# Delta Epsilon Proof

• October 19th 2009, 03:30 AM
UC151CPR
Delta Epsilon Proof
Given an Epsilon, Delta proof for the following statement:

limit as x approaches 2 for f(x) = |x-2| =0
• October 19th 2009, 03:36 AM
harbottle
This shouldn't be too hard. Just take $\epsilon = \delta$.

$|x-2|<\epsilon \Rightarrow |f(x)-0| = |x-2| < \delta$ for any $\epsilon,\delta > 0$
• October 19th 2009, 03:40 AM
Plato
Quote:

Originally Posted by UC151CPR
Given an Epsilon, Delta proof for the following statement: limit as x approaches 2 for f(x) = |x-2| =0

Here is the basic idea:
$\left| {f(x) - 0} \right| = \left| {x - 2} \right| < \delta = \varepsilon$
• October 19th 2009, 03:45 AM
UC151CPR
Would this be how to setup the proof:

Let epsilon > 0.

0 < |x-2|< delta

||x-2| - 0| < epsilon

||x-2| - 0| = ||x-2|| = |x-2|

Now, |x-2| < delta ---> |x-2| < epsilon

In order to achieve ||x-2|-0| < epsilon, delta < epsilon.

Thus chosing 0 < delta < epsilon, we have |x-2|< delta and ||x-2| - 0| < epsilon.

Hence the limit is proved.

Does that work as a delta epsilon proof. If not, can you please show me how you would set this up mathematically.
• October 19th 2009, 03:59 AM
harbottle
Quote:

Originally Posted by UC151CPR
Would this be how to setup the proof:

Let epsilon > 0.

0 < |x-2|< delta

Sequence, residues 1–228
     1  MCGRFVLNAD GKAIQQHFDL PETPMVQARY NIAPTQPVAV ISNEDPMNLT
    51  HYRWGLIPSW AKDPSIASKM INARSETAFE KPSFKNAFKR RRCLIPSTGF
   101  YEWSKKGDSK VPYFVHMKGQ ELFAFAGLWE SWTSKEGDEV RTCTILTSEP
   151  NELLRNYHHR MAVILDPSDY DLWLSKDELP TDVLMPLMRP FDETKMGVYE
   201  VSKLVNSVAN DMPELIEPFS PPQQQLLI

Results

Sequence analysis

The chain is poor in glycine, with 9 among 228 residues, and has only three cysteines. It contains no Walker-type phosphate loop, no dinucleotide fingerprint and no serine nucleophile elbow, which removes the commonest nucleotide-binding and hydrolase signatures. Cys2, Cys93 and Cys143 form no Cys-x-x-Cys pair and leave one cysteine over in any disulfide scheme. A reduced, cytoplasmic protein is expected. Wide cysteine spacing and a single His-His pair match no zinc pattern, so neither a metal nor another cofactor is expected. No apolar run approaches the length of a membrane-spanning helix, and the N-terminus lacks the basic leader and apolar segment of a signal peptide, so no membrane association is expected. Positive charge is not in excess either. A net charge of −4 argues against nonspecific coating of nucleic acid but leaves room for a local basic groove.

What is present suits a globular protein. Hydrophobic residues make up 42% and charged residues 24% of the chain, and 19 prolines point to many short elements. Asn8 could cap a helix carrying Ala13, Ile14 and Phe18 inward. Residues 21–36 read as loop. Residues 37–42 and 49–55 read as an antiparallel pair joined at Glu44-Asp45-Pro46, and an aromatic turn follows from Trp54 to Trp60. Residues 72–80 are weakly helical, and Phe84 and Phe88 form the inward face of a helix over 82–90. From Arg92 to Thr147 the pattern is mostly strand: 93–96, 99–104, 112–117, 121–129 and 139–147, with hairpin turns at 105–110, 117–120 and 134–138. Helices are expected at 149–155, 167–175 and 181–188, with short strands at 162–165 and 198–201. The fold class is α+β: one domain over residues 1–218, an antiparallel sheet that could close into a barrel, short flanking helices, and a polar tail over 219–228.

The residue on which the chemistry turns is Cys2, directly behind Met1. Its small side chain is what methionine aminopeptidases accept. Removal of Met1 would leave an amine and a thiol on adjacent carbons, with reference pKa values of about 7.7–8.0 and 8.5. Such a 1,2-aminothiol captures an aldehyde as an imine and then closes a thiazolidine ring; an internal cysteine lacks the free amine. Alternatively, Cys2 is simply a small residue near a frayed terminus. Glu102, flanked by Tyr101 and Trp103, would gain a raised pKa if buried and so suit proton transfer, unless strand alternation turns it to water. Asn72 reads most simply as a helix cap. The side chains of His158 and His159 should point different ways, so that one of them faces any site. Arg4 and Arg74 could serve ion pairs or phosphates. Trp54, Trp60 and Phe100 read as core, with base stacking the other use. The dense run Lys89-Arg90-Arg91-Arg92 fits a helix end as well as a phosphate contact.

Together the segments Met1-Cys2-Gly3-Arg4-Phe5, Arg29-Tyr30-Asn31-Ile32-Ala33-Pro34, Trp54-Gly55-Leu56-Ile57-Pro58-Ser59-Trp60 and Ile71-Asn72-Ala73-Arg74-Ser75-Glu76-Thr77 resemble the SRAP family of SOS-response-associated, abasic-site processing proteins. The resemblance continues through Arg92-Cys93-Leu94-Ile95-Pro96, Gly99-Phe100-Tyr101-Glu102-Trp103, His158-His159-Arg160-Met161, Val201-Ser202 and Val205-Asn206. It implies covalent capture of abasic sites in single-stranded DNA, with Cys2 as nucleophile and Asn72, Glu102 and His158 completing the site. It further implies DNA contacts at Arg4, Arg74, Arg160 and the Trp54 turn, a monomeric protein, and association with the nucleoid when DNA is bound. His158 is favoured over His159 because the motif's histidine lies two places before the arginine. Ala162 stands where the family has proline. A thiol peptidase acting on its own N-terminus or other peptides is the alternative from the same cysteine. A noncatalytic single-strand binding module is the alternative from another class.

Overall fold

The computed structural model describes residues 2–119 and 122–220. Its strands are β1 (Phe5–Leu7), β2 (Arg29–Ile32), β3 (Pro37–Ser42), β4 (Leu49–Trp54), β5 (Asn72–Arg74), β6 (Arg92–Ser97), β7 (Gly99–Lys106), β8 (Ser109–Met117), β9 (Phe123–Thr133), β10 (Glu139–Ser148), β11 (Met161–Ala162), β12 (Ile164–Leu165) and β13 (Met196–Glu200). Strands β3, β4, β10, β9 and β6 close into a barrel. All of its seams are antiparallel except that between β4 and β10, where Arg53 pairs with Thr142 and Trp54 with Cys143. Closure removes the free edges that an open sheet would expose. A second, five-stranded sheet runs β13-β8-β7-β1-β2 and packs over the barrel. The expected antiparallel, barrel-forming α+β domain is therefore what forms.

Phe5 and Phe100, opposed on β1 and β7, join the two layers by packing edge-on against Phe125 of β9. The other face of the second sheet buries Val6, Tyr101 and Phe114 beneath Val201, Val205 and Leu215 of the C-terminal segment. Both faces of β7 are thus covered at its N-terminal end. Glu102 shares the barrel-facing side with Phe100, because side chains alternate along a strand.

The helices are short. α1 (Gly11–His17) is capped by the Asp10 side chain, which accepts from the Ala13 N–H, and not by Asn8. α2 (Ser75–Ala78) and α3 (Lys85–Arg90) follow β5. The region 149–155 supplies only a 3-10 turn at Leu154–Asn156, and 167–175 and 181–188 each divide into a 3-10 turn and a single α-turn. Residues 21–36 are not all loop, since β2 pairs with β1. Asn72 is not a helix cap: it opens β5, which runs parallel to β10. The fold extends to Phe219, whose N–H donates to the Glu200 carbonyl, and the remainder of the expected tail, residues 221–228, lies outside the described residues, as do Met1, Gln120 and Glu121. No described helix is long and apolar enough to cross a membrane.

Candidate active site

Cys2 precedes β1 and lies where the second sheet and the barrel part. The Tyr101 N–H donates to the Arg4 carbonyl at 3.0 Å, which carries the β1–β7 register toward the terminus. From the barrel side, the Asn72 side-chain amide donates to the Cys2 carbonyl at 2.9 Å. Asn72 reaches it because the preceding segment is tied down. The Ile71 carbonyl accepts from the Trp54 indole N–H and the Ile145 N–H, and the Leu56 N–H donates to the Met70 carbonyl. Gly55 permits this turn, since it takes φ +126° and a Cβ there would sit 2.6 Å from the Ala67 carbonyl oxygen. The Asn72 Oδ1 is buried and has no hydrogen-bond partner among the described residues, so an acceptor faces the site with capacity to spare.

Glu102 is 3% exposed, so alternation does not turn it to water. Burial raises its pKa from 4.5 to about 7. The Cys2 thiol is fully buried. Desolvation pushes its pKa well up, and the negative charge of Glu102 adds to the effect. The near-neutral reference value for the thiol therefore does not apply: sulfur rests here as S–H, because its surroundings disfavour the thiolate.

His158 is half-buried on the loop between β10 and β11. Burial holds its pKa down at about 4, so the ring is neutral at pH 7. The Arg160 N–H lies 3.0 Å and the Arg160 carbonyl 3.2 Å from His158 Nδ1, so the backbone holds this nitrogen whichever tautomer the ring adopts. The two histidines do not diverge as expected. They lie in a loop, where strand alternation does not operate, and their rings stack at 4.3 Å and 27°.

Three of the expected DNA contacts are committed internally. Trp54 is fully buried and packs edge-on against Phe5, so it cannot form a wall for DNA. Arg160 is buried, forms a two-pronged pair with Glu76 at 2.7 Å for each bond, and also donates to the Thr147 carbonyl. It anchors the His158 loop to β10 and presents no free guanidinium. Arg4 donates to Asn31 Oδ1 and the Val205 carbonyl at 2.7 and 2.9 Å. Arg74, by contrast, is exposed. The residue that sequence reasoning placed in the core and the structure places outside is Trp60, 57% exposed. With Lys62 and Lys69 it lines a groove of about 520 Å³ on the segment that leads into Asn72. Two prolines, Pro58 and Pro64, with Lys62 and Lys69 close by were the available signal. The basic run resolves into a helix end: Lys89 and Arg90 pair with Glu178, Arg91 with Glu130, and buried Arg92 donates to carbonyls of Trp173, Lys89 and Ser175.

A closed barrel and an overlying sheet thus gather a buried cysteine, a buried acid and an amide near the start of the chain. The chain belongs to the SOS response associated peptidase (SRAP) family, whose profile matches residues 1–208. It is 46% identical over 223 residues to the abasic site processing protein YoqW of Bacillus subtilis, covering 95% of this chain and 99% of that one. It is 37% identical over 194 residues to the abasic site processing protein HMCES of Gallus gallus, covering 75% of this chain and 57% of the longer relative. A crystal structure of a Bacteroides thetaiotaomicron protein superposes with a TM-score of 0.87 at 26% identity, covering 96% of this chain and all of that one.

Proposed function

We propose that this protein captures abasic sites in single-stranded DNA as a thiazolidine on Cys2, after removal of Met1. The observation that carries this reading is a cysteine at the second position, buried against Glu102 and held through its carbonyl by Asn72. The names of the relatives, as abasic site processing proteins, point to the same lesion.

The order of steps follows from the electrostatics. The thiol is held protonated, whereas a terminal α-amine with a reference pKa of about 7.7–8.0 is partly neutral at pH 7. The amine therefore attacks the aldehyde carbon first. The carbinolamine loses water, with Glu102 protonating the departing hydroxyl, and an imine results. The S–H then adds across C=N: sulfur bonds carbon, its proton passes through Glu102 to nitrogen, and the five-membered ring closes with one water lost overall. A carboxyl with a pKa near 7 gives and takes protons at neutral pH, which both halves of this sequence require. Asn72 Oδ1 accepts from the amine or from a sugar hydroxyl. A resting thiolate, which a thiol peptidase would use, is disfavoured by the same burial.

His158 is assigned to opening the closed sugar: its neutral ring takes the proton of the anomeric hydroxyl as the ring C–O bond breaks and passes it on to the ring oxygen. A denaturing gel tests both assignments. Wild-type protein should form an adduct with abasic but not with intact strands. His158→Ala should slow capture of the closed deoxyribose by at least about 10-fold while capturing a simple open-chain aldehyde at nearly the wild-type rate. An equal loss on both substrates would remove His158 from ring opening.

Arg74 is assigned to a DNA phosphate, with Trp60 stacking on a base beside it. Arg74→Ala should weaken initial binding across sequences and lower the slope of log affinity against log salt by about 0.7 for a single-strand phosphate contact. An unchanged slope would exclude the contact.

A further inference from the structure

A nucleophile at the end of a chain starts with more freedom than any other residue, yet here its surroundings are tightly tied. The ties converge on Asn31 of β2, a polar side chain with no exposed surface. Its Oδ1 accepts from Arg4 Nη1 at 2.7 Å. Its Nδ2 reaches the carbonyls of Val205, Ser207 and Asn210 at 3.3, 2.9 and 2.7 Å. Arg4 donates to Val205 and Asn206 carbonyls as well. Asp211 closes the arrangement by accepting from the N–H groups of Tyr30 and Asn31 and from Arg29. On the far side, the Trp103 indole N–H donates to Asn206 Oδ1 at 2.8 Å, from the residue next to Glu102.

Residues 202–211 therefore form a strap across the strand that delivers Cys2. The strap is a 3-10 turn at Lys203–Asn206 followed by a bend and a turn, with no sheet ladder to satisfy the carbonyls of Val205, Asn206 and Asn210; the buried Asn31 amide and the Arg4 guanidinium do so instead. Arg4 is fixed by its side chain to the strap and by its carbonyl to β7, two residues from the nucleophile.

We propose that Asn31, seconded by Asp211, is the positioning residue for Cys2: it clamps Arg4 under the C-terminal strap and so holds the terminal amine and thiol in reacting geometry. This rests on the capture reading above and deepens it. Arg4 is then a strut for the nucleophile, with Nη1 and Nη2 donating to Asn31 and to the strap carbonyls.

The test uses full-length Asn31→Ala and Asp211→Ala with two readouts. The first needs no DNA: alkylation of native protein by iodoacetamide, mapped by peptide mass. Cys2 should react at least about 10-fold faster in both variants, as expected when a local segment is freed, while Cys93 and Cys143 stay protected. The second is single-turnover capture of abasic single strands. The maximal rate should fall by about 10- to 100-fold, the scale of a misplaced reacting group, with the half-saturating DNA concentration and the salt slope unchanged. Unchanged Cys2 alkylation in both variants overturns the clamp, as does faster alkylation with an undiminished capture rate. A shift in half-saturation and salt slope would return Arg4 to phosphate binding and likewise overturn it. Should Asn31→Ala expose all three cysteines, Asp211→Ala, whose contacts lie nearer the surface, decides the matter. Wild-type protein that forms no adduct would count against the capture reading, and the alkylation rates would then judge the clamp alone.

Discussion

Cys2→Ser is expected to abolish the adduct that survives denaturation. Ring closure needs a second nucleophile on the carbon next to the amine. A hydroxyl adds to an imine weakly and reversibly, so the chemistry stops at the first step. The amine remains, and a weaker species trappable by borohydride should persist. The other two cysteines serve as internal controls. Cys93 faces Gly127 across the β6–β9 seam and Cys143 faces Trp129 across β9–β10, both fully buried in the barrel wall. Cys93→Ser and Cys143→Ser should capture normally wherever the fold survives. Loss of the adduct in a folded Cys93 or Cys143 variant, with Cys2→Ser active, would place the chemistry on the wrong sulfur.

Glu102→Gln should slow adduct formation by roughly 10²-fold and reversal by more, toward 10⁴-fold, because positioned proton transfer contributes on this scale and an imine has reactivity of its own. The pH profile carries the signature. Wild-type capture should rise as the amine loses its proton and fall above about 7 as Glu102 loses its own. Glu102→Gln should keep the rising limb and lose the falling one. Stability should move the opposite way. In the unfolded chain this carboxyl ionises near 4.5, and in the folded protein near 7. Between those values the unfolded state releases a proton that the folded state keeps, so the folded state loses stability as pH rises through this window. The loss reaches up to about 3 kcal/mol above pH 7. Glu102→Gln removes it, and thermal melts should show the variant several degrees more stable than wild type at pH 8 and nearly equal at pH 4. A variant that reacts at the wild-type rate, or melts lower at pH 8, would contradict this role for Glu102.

||x-2| - 0| < epsilon

||x-2| - 0| = ||x-2|| = |x-2|

Now, |x-2| < delta ---> |x-2| < epsilon

In order to achieve ||x-2|-0| < epsilon, delta < epsilon.

Thus chosing 0 < delta < epsilon, we have |x-2|< delta and ||x-2| - 0| < epsilon.

Hence the limit is proved.

Does that work as a delta epsilon proof. If not, can you please show me how you would set this up mathematically.

You start with $\epsilon > 0$. Then you say, $|x-2| < \epsilon$. This is because we want the limit as x approaches 2.

|x-2| represents the distance between x and 2. We would like to say, for ANY value of epsilon, that is, epsilon can be as small as we like, we can make |f(x)-L| as small as we like. |f(x) - L| is the distance between the value of the function and the limit, in this case, zero.

The basic idea is that |f(x)-L| will be less than some quantity which depends only on the small quantity we chose earlier. So, the closer x becomes to 2, the closer f(x) will become to 0.

Anyway, back to the problem. we say |x - 2| < epsilon.

Now look at |f(x) - 0| = |f(x)|. But this is just |x-2|. What can we say about this quantity?

Well, it's smaller than epsilon. So, take delta equal to epsilon, and the proof is complete.
• October 19th 2009, 04:15 AM
UC151CPR
So...

Let epsilon > 0.

0 < |x-2|< delta

||x-2| - 0| < epsilon

||x-2| - 0| = ||x-2|| = |x-2|

Now, |x-2| < delta ---> |x-2| < epsilon

delta = epsilon hence proving the limit?
• October 19th 2009, 04:21 AM
harbottle
Quote:

Originally Posted by UC151CPR
So...

Let epsilon > 0.

0 < |x-2|< delta

||x-2| - 0| < epsilon

||x-2| - 0| = ||x-2|| = |x-2|

Now, |x-2| < delta ---> |x-2| < epsilon

delta = epsilon hence proving the limit?

No. Start by assuming |x - 2| < epsilon. Now, look at |f(x) -0|. Using the information |x-2| < epsilon, find a delta , which depends on epsilon and only on epsilon, such that |f(x)-0| < delta.

In this problem, it just so happens that delta = epsilon is that value.
• October 19th 2009, 04:24 AM
UC151CPR
Can you show me how I would write this proof mathematically that way I can see the necessary steps/statements that I need to make for my other proofs?
• October 19th 2009, 04:27 AM
harbottle
I did, in my first post.

Let $\epsilon > 0$, and let $\delta(\epsilon) = \epsilon$.

Then $

|x-2|<\epsilon \Rightarrow |f(x)-0| = |x-2| < \epsilon = \delta.
$